A few months passed, and with them came another of my favorite answers: “I don’t know exactly, but I know you’re one of the really good ones.” I could live with that. It was better than the alternative.

And then it was December twenty-third of 2009, and I was sitting next to my mom in the lamplight of her studio apartment. We were at the peaceful assisted-living place where she now resided, very near to my sister in Elk Grove. Mom was a bit under the weather, so we were resting quietly in her room. She was in her beige corduroy recliner, nestled cozily under the puffy flannel quilt I’d made for her a few years earlier, her short legs propped up on the footrest.

Since the day I’d given it to her, every time she’d seen me and the quilt in the same room, she’d said the same thing.

“You made this, didn’t you?”

After I’d respond that, indeed, I had, she’d continue. “All the work! This must have taken you a long time!” And she’d pat it lovingly.

But today, she didn’t say it. Her cheeks were rosier than usual, and she was quiet and a little sleepy in the middle of the day. I sat in a folding chair at her side, just stroking the soft skin of her forearm, letting her drift peacefully in and out of her nap.

When she woke fully, I just couldn’t resist. My right hand was holding onto hers while I traced a path on her arm with the fingers of my left hand. I asked her: “Mom? Do you know who I am?”

Her calm gaze was especially tender, and her smile was its sweetest. Her eyes warmed me as she answered quietly, “I sure do.”

“Who am I?” I couldn’t stop brushing my fingers against her skin. I needed to touch her.

Her answer was just: “I love you.”

That was all she said. And that was the last time I ever asked her that question. She had no more answers in her. But I probably didn’t need any answer other than that.

Less than twelve hours later, she slipped into a mysterious, semi-comatose state. As she drifted in and out over the next six days, speaking a few words here and there, we hovered over her. My siblings and I knew that the last few bits of Mom were floating away from us, and we were in agreement that we wouldn’t stop her from going. For those six days, we stayed with her—talking to her, kissing her, visiting with each other in her presence, touching her. Slowly bidding her good-bye. I’m grateful that she gave us that time.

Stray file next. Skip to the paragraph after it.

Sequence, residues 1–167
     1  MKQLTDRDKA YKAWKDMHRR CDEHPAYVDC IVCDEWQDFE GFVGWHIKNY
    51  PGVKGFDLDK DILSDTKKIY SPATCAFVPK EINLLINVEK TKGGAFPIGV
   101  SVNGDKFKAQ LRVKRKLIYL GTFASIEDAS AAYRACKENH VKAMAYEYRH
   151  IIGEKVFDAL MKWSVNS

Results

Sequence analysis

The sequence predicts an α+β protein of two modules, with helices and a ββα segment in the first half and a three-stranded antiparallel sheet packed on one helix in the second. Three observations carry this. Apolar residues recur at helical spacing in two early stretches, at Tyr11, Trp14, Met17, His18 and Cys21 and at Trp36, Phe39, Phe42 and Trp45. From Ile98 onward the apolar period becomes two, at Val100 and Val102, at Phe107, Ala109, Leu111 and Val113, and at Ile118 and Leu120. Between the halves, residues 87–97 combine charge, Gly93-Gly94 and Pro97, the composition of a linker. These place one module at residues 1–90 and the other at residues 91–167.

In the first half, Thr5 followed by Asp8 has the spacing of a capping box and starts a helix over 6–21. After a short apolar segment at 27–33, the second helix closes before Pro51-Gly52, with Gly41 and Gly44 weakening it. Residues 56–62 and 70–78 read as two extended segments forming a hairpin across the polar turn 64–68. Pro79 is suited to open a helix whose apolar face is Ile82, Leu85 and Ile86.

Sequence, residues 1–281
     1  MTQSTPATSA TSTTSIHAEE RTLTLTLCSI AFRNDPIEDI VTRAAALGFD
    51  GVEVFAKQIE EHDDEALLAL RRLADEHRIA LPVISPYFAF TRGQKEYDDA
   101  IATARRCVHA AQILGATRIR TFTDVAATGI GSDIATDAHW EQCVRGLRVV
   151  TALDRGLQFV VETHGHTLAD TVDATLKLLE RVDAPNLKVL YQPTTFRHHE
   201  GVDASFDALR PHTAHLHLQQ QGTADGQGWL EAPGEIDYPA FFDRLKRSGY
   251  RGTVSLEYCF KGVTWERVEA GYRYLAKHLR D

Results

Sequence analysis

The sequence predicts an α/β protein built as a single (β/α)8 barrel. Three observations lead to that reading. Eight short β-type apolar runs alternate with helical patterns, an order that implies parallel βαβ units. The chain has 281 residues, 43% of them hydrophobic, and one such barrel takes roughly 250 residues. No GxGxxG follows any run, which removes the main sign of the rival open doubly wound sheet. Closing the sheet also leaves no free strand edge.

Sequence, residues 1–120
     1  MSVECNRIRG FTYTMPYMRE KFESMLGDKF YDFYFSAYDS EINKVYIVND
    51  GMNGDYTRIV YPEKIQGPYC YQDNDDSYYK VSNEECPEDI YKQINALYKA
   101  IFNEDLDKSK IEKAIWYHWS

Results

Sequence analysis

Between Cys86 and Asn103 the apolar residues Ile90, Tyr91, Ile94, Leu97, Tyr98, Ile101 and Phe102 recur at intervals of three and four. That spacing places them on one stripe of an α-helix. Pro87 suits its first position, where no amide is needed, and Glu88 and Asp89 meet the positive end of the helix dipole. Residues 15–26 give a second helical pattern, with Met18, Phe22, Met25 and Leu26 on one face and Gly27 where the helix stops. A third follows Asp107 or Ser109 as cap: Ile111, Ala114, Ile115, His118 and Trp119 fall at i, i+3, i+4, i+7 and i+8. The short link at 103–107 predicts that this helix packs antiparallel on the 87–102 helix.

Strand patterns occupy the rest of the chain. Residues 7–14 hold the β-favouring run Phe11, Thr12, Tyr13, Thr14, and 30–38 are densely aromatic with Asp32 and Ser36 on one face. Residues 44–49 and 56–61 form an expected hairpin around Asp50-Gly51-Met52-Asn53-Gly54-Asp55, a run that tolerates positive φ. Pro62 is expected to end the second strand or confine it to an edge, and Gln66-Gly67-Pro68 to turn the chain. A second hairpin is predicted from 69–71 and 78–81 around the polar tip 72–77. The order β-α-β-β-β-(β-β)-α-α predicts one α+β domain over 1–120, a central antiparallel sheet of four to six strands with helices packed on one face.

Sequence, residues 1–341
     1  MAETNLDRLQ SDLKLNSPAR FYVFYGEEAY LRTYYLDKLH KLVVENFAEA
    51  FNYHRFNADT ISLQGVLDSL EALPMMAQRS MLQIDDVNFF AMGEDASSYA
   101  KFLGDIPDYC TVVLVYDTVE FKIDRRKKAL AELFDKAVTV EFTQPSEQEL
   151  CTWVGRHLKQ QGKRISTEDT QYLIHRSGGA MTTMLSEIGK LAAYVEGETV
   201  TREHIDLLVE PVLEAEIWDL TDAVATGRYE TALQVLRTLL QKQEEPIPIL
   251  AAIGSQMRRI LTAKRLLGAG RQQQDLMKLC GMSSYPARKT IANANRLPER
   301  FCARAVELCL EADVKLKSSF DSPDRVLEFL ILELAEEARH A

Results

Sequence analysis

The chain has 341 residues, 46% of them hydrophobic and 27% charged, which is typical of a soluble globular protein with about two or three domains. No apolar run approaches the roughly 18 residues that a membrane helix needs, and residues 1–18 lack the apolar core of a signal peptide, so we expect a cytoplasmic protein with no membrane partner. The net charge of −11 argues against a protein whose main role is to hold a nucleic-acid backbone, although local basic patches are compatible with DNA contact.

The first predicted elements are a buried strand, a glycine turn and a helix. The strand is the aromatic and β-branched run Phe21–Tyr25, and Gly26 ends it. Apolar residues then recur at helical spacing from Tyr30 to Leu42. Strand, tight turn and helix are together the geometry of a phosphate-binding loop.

Two nights before she died, I was sitting on her bed next to her, watching her face as she lay back, resting. My husband was in a chair behind me, seated near Mom’s feet. I don’t think I was crying. I was just touching her arm, holding her hand, the things I’d done for days as Mom had gradually become weaker and more inside herself.

Her soft brown eyes were open, and I saw that she was looking straight into mine. By that night, she’d become too tired to speak, but her gaze looked so awake, so alert. So—Mom. Just then, she began pulling up both arms very slowly from where they rested at her sides. Inch by inch, she raised them up toward her head until finally her hands were on top of her head, with her elbows pointing at the ceiling. Her eyes remained locked on mine.

I had no idea what was going on. She’d hardly moved for days, and this maneuver looked so strange, so intentional. Was she having a weird precursor to a seizure? I felt a little nervous.

But Mom knew exactly what she was doing, and she wasn’t done yet. Her hands went a little higher atop her head, still moving so slowly. Then I watched Mom lace her fingers together, and now, with her hands joined, she continued raising her arms higher and higher, until they were straight over her head, in the air, aimed at the ceiling.